The Australia 200 share index is in break out territory. Despite specific fears about trade disputes, and general concerns about the outlook for global growth, the local share market is trading at post-GFC highs. Higher portfolio cash levels mean this is a mixed blessing for many investors.
Is it too late to buy shares? The answer to that question depends as much on individual circumstances as it does the market. Investors nearing retirement, or already relying on investment income, may exercise more caution than those with longer investment timeframes and higher risk appetites. However there are both fundamental and technical factors that support potential further rises and a test of the all-time share market high around 6,850.
The chart tells the story. This long-term look at the main market index covers the last fifteen years. Each of the candles on the chart represents a month’s worth of trading. The mountain on the left is the three-year rally and subsequent GFC induced fall. From 2009 there are many fits and starts, but the overall direction of the market is up.
The horizontal lines on the right show the index climbing through important levels. First 6,000, and after the Federal election the market traded past the previous twelve year high near 6,380. Traders call this kind of price action a break-out, and an indication that a test of the next level is more likely than not. This points to a potential move to the high water mark.
No doubt a number of readers have just choked on their coffee. After all, everyone knows that investors should “sell in May, and go away”. Experts around the globe are warning of a coming recession, many blaming the trade dispute between the US and China.
It’s precisely why the recent gains are sustainable, and further gains probable. Market crashes are born in optimism and exuberance, not scepticism and gloom. When investors doubt, maintain higher cash levels, and prepare for disaster, the potential for financial cataclysm is lower. Perhaps the greatest risk to portfolios over the rest of the year is underperforming a rising market.
Doom merchants will always have a reason to justify the sky falling. The latest (and one of the funniest) is the “per-capita recession”. Yes, if you subtract a contributing factor from any data set it gives a worse result. Immigration and population increases have contributed significantly to Australia’s growth for more than two centuries. What value is there in stripping these important factors from the data?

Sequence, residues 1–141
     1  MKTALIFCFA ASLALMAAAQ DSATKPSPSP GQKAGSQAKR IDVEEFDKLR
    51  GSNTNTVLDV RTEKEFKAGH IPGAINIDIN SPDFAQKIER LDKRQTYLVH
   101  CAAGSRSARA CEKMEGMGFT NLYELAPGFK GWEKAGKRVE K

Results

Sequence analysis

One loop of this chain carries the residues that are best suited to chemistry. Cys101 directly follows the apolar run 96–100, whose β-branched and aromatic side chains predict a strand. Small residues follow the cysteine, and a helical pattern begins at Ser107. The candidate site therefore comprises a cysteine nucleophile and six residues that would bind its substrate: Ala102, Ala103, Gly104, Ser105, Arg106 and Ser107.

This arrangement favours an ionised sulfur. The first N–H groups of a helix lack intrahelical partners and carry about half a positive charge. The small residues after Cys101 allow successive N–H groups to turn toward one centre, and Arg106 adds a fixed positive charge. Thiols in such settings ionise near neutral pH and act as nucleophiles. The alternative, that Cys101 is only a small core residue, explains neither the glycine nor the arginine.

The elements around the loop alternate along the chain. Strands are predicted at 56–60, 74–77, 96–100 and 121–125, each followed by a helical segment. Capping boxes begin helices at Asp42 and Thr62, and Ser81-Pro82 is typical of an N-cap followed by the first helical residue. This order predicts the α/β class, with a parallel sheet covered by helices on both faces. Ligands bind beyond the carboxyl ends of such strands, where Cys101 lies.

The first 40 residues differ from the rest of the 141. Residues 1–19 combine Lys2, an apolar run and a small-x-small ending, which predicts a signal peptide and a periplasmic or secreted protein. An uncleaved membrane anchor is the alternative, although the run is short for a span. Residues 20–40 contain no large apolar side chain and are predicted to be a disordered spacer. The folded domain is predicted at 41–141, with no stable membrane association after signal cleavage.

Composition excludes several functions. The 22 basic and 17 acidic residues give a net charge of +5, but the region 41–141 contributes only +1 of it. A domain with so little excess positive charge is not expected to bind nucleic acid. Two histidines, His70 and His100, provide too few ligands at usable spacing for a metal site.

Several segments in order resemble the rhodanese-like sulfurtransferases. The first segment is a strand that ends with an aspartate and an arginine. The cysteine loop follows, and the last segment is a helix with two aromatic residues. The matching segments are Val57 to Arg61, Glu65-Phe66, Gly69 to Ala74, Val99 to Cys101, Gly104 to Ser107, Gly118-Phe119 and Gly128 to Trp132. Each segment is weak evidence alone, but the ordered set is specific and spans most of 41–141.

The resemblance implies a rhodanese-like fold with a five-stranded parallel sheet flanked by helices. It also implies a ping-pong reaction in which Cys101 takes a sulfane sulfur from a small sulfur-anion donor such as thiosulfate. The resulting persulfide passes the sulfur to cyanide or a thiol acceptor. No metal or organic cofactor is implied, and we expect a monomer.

Additionally, there are fundamental forces that speak to the possibility of a higher share market. The more accommodative stance of central banks in general, and the RBA in particular, provides a cushion to the economy. The increasingly dovish RBA stance weighs on the Australian dollar, making local shares more attractive to international investors.
Outperformance from the largest sectors may drive further index gains. Banks share prices are in defensive territory, largely due to the need to deal with misbehaviour identified at the Royal Commission Inquiry. The surprise result at the Federal election is supportive of the broader economy and the finance sector specifically. Changes to negative gearing and franking credits are off the table and this is positive for both the business and investment cases for bank shares.
Resource stocks are looking at potential re-ratings as the most consequential commodities defy analysts’ forecasts. Iron ore price estimates for this year are broadly between US $55 and $75 a tonne. The spot price is above $100. The situation is similar in crude oil, aluminium and gold, especially in Australian dollar terms. When commodity strategists increase their longer run commodity price estimates the impact on share valuations can be dramatic.
The risks of going against conventional wisdom are reputational as well as financial. Many investors would subconsciously prefer to lose with the crowd than risk the ego hit of going against the flow and being wrong. Naturally, investors must make up their own minds. However blindly following the crowd rarely delivers extraordinary returns.
This article first appeared in The Australian Financial Review